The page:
There are two primary reasons to believe that a reversed stance might offer an advantage when batting. First, the reversed stance places the player’s dominant hand at the top rather than the bottom of the handle. This could confer technical advantages: in cricket batting, the top hand is typically responsible for controlling and guiding the path of the bat to hit the ball, so it may be an advantage for the hand with the greatest dexterity to perform those roles (dominant-hand explanation). Second, in tasks that require targeting people generally have a preference to rely on the visual input from one of the two eyes (the dominant eye), and the reversed stance increases the likelihood that the dominant eye is the ‘front’ eye in a side-on activity like batting (hand and eye dominance are matched in approximately 66 % of cases [8]). From our observations in both cricket and baseball, coaches and applied practitioners (e.g., optometrists) sometimes alter a batter’s stance to ensure that the dominant eye has a clear view of the ball. It could be that those with their dominant eye as the front eye are conferred an advantage because it ensures the dominant eye has an unobstructed view of the oncoming ball [9] (dominant-eye explanation).

The aim of this study was to determine whether a reversed stance provides an advantage in the development of expertise in a bimanual hitting task. We did so in the sport of cricket by testing the batting stance plus hand and eye dominance of 43 professional (international or first class) and 93 inexperienced cricket batsmen. We hypothesized that the reversed stance would offer a specific advantage in batting above and beyond that available to left handers as a result of frequency-dependent effects. We show that batsmen have a stunning advantage if they defy convention and adopt a reversed stance, and that the findings are supported by a significant over-representation of modern-day international batsmen who bat using a reversed stance. The results imply that most cricket batsmen are taught to bat ‘back-to-front’ and call into question the manner in which other bimanual motor actions are taught and performed.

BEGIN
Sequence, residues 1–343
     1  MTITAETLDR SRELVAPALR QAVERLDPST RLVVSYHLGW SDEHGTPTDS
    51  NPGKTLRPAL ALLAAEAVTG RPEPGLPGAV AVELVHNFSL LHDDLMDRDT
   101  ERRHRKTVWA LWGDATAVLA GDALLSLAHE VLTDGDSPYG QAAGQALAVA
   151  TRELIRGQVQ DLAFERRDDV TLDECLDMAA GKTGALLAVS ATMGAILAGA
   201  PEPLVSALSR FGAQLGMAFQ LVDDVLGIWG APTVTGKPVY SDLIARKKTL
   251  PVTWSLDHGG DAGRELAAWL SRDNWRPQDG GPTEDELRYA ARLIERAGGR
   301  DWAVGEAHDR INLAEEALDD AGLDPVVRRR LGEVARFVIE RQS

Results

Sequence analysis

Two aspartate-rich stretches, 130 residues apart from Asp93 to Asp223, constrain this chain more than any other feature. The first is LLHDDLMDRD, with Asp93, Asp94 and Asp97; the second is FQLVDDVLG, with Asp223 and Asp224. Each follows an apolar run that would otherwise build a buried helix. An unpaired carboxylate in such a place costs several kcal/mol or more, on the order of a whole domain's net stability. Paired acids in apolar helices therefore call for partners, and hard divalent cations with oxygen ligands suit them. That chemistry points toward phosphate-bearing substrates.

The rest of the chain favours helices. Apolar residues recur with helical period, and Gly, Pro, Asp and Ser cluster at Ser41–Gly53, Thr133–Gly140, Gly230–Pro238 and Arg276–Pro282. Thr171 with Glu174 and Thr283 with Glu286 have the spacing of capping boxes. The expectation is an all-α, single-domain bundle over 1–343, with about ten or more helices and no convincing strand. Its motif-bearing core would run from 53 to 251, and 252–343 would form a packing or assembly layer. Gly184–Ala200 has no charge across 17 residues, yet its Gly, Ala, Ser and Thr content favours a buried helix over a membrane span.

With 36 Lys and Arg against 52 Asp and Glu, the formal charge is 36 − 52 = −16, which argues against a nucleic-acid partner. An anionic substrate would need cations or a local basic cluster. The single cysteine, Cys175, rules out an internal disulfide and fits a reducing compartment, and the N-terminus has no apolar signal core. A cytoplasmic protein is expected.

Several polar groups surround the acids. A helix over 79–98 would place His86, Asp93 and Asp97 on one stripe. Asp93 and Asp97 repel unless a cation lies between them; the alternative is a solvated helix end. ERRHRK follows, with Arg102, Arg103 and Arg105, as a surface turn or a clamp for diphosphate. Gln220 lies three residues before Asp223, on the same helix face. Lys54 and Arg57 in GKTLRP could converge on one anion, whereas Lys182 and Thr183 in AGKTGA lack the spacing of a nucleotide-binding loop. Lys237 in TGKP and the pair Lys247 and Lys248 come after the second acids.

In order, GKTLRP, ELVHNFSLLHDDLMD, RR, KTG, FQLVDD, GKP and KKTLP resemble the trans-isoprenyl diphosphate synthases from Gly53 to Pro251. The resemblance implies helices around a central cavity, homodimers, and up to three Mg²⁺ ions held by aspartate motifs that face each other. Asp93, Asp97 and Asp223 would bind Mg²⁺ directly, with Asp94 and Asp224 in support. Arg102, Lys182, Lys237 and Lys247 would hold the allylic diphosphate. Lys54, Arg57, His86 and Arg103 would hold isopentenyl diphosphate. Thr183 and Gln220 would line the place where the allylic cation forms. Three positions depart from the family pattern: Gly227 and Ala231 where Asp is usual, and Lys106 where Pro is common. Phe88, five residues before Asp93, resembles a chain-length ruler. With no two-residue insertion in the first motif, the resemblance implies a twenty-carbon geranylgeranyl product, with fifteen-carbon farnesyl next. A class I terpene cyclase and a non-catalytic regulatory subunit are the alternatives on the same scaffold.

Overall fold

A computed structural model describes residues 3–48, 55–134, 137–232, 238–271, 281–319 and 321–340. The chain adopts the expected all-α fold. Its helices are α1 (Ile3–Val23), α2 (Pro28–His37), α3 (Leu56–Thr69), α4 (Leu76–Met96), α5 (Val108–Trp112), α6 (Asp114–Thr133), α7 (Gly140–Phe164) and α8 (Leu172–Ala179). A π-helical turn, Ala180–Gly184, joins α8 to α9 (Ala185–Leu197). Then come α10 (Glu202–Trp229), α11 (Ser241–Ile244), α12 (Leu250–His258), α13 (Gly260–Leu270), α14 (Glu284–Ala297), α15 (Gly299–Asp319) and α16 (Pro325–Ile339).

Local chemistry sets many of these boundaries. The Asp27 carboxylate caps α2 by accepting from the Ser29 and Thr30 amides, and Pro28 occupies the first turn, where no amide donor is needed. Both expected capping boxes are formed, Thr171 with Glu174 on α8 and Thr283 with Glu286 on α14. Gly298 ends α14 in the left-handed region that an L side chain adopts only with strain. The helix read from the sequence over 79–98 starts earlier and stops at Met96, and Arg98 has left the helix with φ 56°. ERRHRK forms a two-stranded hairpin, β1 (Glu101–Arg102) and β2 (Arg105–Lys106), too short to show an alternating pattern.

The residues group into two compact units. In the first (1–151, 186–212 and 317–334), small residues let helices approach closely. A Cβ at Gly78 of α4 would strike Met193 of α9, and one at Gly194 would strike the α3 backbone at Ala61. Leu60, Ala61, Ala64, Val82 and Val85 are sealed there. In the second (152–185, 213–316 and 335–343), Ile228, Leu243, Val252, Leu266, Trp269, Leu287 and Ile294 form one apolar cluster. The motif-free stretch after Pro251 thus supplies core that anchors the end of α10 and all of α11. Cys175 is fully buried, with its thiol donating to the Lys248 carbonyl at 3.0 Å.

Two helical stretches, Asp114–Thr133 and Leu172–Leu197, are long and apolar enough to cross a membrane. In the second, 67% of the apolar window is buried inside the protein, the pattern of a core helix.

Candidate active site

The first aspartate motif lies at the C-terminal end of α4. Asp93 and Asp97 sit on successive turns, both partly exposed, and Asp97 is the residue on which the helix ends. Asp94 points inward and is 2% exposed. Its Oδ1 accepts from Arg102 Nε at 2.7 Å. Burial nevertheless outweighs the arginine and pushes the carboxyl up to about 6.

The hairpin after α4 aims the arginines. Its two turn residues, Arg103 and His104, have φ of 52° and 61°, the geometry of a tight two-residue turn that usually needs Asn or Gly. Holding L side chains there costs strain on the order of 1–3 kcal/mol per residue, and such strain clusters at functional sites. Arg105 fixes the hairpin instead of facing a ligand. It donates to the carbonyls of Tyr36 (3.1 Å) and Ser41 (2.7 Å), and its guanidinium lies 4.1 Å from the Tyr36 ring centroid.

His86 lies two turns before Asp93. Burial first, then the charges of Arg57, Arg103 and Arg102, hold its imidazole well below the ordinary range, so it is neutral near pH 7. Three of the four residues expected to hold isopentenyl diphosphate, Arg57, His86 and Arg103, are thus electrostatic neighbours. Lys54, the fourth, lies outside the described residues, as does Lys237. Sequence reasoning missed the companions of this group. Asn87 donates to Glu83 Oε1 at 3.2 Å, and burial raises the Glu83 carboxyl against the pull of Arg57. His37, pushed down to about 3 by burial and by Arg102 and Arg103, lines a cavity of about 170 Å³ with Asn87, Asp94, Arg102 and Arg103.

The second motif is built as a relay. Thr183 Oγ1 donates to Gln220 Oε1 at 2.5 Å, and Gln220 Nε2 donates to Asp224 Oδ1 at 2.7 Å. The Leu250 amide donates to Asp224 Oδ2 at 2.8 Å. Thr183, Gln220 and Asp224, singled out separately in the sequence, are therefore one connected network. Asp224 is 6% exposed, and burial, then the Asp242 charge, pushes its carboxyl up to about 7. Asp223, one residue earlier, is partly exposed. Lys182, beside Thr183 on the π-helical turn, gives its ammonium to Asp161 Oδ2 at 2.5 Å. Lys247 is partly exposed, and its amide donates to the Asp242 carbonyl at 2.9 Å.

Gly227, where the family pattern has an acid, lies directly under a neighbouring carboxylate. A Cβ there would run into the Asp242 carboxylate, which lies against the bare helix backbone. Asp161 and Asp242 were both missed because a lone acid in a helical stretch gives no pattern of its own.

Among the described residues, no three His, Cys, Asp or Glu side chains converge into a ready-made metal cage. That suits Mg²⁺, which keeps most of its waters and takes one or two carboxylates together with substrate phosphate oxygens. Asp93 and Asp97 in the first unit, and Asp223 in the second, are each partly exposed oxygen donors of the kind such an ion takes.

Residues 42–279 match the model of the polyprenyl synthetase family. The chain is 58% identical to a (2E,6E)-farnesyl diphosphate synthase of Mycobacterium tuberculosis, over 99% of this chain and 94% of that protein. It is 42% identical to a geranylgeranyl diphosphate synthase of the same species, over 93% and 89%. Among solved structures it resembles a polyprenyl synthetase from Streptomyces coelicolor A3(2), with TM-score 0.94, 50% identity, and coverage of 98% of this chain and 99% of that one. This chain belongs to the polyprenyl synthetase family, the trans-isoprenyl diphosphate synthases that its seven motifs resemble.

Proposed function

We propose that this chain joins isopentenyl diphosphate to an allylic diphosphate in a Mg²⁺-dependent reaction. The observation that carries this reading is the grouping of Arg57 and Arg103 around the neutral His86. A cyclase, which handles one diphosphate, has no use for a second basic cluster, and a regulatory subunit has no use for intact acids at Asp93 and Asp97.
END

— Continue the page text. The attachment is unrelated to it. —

2 Methods

2.1 Participants

A total of 43 professional male cricket players (mean age 29.6 years, standard deviation [SD] 5.6) and 93 inexperienced male cricketers (mean age 24.1 years, SD 7.2) participated in the study. The professional group were all members of a first-class and/or international cricket team: 26 had played at international level (ten had played test cricket) and 17 had played at first-class level. The professional players were all selected in their team based on their skill as a batsman (i.e., as a specialist batsman, a wicketkeeper/batsman, or as an all-rounder—someone who bats and bowls). Participants in the inexperienced group had less than five years’ cricket experience (mean 1.2 years, SD 1.4), with most not actively participating in organized cricket at the time of testing. The experimental procedure conformed to the ethical standards of the Declaration of Helsinki and was approved by the Ethics Committee of the Faculty of Human Movement Sciences at Vrije Universiteit Amsterdam. Participants were informed about the nature of the study and signed informed consent forms prior to testing.

2.2 Procedure

We determined the hand dominance, eye dominance, and batting stance of all participants.

2.2.1 Hand Dominance